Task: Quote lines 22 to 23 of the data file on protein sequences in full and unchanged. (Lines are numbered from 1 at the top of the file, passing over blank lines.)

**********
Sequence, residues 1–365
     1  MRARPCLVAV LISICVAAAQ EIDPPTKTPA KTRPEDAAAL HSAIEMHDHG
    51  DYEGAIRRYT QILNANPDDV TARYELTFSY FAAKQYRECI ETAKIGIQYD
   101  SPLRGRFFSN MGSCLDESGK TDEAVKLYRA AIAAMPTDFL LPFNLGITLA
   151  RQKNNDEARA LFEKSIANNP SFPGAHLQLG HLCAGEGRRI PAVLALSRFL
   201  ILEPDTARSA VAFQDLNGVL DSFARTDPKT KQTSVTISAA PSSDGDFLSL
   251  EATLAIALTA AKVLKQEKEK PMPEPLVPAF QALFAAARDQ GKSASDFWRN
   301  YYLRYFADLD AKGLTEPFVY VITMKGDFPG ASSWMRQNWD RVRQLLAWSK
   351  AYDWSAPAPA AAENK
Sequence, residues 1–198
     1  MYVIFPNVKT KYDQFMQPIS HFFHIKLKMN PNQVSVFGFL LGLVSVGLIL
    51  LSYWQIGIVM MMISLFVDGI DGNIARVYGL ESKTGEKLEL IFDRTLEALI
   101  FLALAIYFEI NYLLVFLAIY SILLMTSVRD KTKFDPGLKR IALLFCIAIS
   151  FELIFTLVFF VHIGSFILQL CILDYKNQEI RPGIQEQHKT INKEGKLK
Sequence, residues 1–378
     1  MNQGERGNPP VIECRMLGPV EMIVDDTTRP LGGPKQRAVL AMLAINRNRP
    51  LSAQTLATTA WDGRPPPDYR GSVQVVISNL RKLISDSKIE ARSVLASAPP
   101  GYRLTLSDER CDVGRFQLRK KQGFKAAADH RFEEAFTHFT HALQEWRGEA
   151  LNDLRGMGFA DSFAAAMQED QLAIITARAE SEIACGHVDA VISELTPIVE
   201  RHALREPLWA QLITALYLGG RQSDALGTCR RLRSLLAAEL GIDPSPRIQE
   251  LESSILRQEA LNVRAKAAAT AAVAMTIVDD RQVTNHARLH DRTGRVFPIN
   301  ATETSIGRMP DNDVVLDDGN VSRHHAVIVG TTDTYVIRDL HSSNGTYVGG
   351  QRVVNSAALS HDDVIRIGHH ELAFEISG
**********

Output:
   301  ATETSIGRMP DNDVVLDDGN VSRHHAVIVG TTDTYVIRDL HSSNGTYVGG
   351  QRVVNSAALS HDDVIRIGHH ELAFEISG